WHA Teaching Prize

PURPOSE

The World History Association is committed to working across all grade levels to maintain the use of current world history research in classroom practice.

SOURCES
Current historical research most frequently found in books and scholarly articles is a significant inspiration for our teaching. The WHA is committed to encouraging teachers at all levels to turn to substantive scholarship for content ideas. We are seeking lessons either inspired by or directly related to recent World History scholarship, including but not limited to pieces in the Journal of World History, published within the last ten years.

These are suggestions to guide your thinking. Feel free to add to the prompt questions below.

  1. Brief introduction 
    For whom is the lesson intended?
    What is the purpose of the lesson?
    How does it fit into your curriculum, or larger plan?
    What are the lesson’s links to current research?
  2. Procedures for implementation
    What preparatory work is assigned?
    How does the lesson work? (procedure, number of sessions, etc.)
    How do you know that students have “gotten it?”
  3. Conclusion 
    Reflections on how it went in your class?
    (Student work and/or student reflections are encouraged)
    How might you adapt it to more advanced or lower level students?
    What other possible conceptual links do you see?

 

Possible Appendices:

1. Appendix of relevant handouts or supporting materials used
2. Annotated list of available resources for students and teachers

ELIGIBILITY
You must be a current member of the WHA in order to enter a submission for the Teaching Prize.

So as to encourage new recipients, winners from anytime in the past five years, as well as committee members, are ineligible. All competitors must be members in good standing of the WHA.

AWARD
The winning lesson will be published in the Fall WHA Bulletin. The designer of the winning lesson will receive a $500.00 cash award and recognition at the WHA Annual Meeting for those awardees who will be in attendance. Educators may have a letter announcing the award sent to their supervisors and local press. A one-year membership extension will also be included with the prize.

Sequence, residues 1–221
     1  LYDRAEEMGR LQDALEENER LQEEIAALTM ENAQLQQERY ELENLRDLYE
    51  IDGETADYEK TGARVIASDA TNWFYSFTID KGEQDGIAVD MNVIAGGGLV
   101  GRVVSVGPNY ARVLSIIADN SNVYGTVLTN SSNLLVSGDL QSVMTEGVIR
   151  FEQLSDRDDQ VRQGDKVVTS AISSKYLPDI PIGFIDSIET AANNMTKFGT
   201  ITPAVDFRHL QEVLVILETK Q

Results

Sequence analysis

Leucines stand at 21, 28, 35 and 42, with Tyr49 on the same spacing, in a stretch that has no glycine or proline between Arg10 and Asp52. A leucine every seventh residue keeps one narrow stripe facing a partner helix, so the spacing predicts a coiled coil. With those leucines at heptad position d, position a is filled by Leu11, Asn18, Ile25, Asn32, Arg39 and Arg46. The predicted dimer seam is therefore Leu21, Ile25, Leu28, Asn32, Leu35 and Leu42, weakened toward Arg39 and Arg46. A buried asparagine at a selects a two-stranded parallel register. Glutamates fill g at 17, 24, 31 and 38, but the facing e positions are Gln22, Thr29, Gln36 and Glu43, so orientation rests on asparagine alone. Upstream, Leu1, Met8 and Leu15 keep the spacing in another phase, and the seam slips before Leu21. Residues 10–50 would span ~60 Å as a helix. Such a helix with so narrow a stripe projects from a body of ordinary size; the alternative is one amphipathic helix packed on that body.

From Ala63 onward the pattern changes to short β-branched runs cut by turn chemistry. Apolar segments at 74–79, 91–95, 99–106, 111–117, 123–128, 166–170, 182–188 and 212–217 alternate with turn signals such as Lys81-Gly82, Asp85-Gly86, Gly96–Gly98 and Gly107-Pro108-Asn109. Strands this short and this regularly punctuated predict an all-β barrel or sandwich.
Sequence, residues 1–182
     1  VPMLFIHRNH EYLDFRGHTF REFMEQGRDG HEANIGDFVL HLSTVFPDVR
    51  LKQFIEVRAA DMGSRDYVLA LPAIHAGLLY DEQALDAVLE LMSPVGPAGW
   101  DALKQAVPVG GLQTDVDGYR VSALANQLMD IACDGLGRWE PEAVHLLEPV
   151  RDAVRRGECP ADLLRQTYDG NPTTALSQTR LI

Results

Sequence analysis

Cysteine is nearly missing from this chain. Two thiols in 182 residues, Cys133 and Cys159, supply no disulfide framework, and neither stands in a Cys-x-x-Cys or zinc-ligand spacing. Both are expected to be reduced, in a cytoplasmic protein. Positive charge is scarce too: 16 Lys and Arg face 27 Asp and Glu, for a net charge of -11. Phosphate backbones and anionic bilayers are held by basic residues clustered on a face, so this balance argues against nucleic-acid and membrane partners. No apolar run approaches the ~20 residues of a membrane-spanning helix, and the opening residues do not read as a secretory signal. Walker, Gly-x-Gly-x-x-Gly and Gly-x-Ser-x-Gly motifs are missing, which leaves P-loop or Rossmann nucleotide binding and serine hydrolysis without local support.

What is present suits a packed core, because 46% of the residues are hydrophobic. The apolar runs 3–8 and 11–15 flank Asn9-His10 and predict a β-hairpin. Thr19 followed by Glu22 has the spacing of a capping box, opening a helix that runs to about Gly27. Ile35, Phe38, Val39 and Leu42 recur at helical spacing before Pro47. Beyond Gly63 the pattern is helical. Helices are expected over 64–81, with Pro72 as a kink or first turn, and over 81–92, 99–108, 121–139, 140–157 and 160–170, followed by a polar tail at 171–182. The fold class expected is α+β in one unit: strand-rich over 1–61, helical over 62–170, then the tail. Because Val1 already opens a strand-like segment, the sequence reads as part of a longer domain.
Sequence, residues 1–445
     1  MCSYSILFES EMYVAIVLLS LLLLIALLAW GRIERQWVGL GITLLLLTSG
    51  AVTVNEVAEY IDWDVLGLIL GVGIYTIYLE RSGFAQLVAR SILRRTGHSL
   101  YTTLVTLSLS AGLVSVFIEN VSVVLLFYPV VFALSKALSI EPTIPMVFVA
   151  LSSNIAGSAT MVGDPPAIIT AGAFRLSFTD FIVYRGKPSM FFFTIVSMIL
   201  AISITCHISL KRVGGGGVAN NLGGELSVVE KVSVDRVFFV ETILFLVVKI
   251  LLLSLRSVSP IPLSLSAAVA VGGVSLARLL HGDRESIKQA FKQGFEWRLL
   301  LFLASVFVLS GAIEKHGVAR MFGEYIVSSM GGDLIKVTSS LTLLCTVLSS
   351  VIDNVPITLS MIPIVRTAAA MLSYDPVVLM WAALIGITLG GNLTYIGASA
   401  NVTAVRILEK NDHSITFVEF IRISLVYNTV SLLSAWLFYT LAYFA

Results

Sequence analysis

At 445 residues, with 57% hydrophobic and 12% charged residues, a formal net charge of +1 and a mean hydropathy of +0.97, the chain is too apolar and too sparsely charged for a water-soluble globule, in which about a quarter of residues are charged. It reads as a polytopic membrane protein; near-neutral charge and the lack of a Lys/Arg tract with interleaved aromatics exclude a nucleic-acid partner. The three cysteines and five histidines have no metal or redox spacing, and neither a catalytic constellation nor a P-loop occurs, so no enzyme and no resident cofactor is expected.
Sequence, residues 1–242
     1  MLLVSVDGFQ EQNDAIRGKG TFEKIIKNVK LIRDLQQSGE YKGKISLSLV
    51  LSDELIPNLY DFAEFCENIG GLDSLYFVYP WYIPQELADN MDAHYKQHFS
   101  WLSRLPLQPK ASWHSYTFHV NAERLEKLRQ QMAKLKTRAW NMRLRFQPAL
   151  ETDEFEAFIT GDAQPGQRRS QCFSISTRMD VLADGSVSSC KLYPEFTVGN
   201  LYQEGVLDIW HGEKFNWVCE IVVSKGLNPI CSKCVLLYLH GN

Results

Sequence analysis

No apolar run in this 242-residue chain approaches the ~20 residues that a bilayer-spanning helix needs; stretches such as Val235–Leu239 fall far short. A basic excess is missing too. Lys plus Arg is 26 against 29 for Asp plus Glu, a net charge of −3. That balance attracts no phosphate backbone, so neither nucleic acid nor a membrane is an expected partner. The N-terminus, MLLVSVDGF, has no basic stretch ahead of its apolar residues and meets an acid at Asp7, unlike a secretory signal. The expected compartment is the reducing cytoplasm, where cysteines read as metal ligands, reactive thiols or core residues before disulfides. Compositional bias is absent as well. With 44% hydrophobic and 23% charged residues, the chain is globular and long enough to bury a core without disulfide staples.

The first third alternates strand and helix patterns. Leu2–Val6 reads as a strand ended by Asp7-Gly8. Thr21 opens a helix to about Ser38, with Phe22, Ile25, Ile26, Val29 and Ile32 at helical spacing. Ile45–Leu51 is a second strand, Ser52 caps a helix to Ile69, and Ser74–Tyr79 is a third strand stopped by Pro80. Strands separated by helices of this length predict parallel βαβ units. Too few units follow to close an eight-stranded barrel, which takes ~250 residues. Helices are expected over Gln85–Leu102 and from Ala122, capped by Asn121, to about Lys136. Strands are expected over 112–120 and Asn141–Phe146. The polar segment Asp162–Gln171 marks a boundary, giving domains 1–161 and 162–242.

DEADLINE
Email your submission by the annual MAY 1st deadline, to Jen Laden, Chair, Teaching Prize Committee, at jladen@byramhills.org. Submissions from all grade levels are welcome.

WHA Teaching Prize Guidelines (Downloadable PDF)

PAST WINNERS

2014: Melanie G. Krob, Ph.D, “Mao Zedong and the Cultural Revolution,” Isidore Newman School, New Orleans, Louisiana

2012: Colleen S. Kyle, “Should They Stay or Should They Go?: the Jesuits, the Qing, and the Chinese Rites Controvery,” Lakeside Upper School, Seattle, Washington

Honorable Mention: David C. Fisher, Ph.D., “World History in State Standards: A Research Assignment for College Juniors and Seniors,” University of Texas at Brownsville, Brownsville, Texas

2011: Michael A. Marcus, “Endless Cloth: Lessons from India for a Cross-Cultural Approach to World History,” Berlin High School (Retired), Berlin, Connecticut

2010: Suzanne Litrel, “Before the Opium Wars: Panel Discussion and Debate,” Bay Shore High School, Bay Shore, New York

2009: Daniel Greenstone, “Teaching the Axial Age Through a Biographical Comic Book of Buddha’s Life,” Oak Park and River Forest High School, Oak Park, Illinois

2008: Sharlene Sayegh, “The Logical Fallacies of Nationalism: Critical Thinking in the World-History Classroom,” Department of History, California State University, Long Beach

2007: Cedric Beidatsch, “Gateway to the Seventeenth Century: Dutch Shipwrecks on the West Australian Coast,” University of West Australia, Perth, Australia

2006: Maggie Favretti, “Bound by a Silver Chain: 1571,” Scarsdale High School, Scarsdale, New York

2005: Monica Bond-Lamberty, “Is There Really Something New Under the Sun?” James Madison Memorial High School, Madison, Wisconsin

2004: Michael A. Marcus, “Steppes to Civilization: Tracing the World History of ‘Global Systems’ Through Textiles and an Interdisciplinary Approach” Berlin   High School, Berlin, Connecticut

2003:
Co-winner: Jessica Young, “A World History Research Education Project Adaptable for Honors, Advanced Placement, or Collegiate World History Classes” Oak Park and River Forest High School, Oak Park, Illinois
Co-winner: Linda Black, “The Economic Role of Women in World History,” Cypress Falls High School, Houston, Texas

2002: Linda Karen Miller, “Japanese Colonialism in Korea 1910-1945” Fairfax High School, Fairfax, Virginia

 

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